After Petaluma River dredging, cleanup begins
The recently completed dredging of the Petaluma River, a long overdue project, cleared the channel of boatloads of mud and silt that had blocked commerce and recreation on the waterway.
But, at the same time, it created a new problem.
All of the material that the dredging barge sucked up from the river bottom was pumped to Shollenberger Park, which was created as a site to offload dredging spoils. That includes all the garbage that got mixed in with the mud.
So, while the river is decidedly cleaner, the dredging work has left a cleanup project for an army of volunteers at Shollenberger.
Most mornings last week, a group of socially distanced volunteers have donned boots, gloves and masks and swept the mucky edges of the Shollenberger lagoon, picking up everything from bits of plastic and golf balls to pieces of tire, traffic cones and even a bowling ball.
The effort, a partnership between the City of Petaluma, the Petaluma Wetlands Alliance and the Friends of the Petaluma River, is the last stage of the dredging project, meant to beautify the park and protect the birds and wildlife that feed on organisms in the nutrient-rich mud.
“We are a major bird migration site,” said John Shribbs, president of the Petaluma Wetlands Alliance. “It’s a feeding spot. If birds ingest that much plastic, it can cause a real problem in the food chain.”
On an overcast Friday morning, Pat Hanson, a Petaluma Wetlands Alliance member, trudged out to Shollenberger’s south weir with a bucket and a trash grabber. It was her fourth morning volunteering on the cleanup project.
She said there was an urgency to get the garbage off the surface before the rain comes, potentially embedding some of the trash in the mud. Next year, when the ponds are dry, volunteers will again collect the trash that becomes exposed.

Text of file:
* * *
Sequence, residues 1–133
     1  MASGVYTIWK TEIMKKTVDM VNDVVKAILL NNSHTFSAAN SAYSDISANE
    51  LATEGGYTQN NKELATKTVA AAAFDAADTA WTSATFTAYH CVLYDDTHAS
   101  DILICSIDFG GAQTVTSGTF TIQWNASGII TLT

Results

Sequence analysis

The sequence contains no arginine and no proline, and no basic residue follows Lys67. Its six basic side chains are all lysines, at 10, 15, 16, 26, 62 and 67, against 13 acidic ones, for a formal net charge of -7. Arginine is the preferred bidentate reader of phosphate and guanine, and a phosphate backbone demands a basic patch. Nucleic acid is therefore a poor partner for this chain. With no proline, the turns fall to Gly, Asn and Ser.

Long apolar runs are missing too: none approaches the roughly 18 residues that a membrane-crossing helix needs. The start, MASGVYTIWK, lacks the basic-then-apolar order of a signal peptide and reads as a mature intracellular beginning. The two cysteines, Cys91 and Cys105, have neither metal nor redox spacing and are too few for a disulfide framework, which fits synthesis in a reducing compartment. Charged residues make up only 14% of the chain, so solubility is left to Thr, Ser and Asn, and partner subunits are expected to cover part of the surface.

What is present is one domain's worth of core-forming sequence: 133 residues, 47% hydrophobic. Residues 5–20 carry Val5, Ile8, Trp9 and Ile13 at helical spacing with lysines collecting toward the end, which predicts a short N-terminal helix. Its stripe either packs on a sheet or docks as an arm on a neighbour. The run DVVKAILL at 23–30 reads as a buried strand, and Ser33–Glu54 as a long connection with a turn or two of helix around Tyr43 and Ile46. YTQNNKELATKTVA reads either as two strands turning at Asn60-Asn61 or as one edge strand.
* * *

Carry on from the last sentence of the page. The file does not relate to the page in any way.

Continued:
“I wanted to clean up this mess,” said Hanson, who has found an unusually large amount of shoes. “I know we are just skimming the surface. People want their environment clean.”
The city purchased the 165-acre Shollenberger site in 1970 specifically to contain the dredge spoils. It was declared a park in 1995 and named after Richard Shollenberger, a retired Parks and Recreation director. The two miles of trails along levees are popular with walkers, joggers and bird watchers.
Being adjacent to the Petaluma River, it remains a treasured site for the Friends of the Petaluma River advocacy group. The organization helped recruit dozens of volunteers for the cleanup effort in the past week, said Stephanie Bastianon, executive director of the Friends of the Petaluma River.
She said volunteers have removed about 500 pounds of garbage from the wetlands.
“You can really see the plastic bottles,” she said. “There’s a lot of debris from the river that has been unearthed. You definitely don’t want that in the wetlands.”
John Richards joined the Petaluma Wetlands Alliance because, he said, he likes being out in nature and staying active. Just before the rains fell on Friday, he was actively removing tiny plastic toys and bottles from the edge of Shollenberger pond, where a seagull carcass lay.
“It’s a little bit to help the community,” he said. “We feel better about ourselves when the world looks neater.”
For his part, Chris Simpson, another PWA member and volunteer, has pulled some interesting rubbish from the wetlands, including the bowling ball and a used syringe. He said he frequents the park’s trails and wants to make it clean for others to enjoy.
“I want it to be beautiful,” he said. “I can’t stand all the litter. I don’t want animals to eat it. It’s bad for the environment.”
Richards said he wants to create a better world.
“When there are less human-made things in nature, it gives me peace and a sense that things are going to be alright,” he said.
(Contact Matt Brown at firstname.lastname@example.org.)